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• Make sure your climbing roses are securely tied into position. Prune them after they bloom.
• Deadhead the developing seed pods from your rhododendrons and azaleas to improve next year’s bloom. Be careful not to damage next year’s buds, which may be hidden just below the pod.
• Keep watch for damage caused by the four-lined plant bug, especially on plants in the mint family.
• Give special attention to fertilizing and watering containers and hanging baskets. Soil in containers dries out quickly, so check daily.
• When mowing and trimming weeds around trees, be careful not to make contact with the trees. Wounds created from lawn mowers and string trimmers allow borers and other insects to enter and become a problem. This is especially true for dogwoods, flowering peach, plum, and cherry trees.
• Give your compost a turn.
• Fertilize roses at bud break, then each month during the growing season, or according to the package directions. Don’t fertilize roses after August 1. Fertilizing too late in the season makes the plant less winter hardy.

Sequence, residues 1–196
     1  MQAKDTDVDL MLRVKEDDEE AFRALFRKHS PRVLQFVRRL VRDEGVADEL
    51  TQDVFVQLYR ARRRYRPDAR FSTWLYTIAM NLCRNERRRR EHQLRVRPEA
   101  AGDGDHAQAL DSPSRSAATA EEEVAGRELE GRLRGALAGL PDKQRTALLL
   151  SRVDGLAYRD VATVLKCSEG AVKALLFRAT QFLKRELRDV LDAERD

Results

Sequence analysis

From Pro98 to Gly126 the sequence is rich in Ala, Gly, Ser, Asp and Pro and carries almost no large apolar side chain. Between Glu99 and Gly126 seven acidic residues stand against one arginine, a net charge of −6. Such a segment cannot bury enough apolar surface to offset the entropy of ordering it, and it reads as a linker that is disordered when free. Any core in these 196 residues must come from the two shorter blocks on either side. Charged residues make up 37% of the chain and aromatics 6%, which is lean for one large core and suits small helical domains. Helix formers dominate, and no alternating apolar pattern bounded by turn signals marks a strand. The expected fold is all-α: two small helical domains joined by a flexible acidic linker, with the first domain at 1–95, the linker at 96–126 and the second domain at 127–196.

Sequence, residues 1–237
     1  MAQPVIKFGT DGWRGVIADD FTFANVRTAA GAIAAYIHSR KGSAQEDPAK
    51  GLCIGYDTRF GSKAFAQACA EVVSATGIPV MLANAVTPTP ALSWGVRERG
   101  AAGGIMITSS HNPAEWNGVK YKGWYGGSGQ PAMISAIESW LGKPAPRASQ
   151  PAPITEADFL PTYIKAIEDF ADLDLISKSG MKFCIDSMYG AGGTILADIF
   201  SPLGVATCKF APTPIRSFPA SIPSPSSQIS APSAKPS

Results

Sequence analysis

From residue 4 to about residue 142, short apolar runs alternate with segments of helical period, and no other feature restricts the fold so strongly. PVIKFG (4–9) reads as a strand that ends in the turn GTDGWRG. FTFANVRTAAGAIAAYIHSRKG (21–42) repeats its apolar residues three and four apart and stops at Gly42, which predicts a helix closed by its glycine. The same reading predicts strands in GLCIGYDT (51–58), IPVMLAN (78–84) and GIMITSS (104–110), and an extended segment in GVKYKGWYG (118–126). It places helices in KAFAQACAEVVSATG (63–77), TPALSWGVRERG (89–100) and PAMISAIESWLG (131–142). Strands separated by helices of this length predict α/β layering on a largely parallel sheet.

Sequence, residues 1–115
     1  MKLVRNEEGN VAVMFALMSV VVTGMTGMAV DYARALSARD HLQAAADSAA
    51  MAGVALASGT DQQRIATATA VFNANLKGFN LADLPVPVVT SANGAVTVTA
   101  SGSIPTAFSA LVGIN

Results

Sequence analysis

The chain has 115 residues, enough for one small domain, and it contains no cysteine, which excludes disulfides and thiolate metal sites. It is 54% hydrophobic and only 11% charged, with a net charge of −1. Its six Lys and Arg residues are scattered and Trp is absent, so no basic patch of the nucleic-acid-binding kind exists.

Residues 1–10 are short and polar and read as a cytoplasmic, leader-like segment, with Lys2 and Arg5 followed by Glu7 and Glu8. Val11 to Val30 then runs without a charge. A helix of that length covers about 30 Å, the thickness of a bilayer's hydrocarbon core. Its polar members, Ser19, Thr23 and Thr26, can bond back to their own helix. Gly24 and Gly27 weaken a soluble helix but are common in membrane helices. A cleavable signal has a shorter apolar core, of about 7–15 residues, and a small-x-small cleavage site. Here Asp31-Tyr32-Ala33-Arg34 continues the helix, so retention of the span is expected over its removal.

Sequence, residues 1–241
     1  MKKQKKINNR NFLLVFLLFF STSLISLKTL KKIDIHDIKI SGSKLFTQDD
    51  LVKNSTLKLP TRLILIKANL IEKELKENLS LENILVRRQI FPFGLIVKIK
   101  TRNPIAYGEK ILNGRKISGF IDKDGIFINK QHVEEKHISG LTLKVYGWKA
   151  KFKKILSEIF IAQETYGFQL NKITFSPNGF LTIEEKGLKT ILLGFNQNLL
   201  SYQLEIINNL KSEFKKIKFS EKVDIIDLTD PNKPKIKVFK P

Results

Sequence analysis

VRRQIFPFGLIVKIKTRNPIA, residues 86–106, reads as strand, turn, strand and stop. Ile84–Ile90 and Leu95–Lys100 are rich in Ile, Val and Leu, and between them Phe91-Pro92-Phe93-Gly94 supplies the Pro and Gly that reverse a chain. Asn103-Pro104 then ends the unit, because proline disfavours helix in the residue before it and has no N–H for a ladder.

• Give newly planted perennials 1 inch of water a week during the growing season, either from rain or through irrigation.
• Garlic is a shallow-rooted plant, so water regularly (but not so much that the soil stays muddy) to ensure proper bulb development. If young plants don’t get enough water, they’ll become stressed and produce small bulbs prematurely.
• Most tulips and hyacinths last only two to three years. Dig up and discard tulip and hyacinth bulbs that send up spindly leaves and stalks and few flowers.
• Prune spring-blooming shrubs and trees, such as lilacs, forsythia, and crabapples, as soon as possible after bloom.
• Inspect your irrigation system for damaged sprinkler heads, which waste water. Replace as needed.
• Pick vegetables often, even if you don’t plan to use them immediately. Vegetables that aren’t harvested soon enough will produce a chemical that inhibits further blossoming.
• Paint tree trunks with a light-colored indoor latex paint to prevent sunburn damage, which invites borers and fungus infections. Use an inexpensive brand, or thin down a more expensive one to a solution of half water and half paint.
• Keep melon plants growing strongly throughout the season for best quality fruit. Almost half of a melon’s final sugar content develops during the last week of maturation, so stop irrigating then to concentrate the sugars.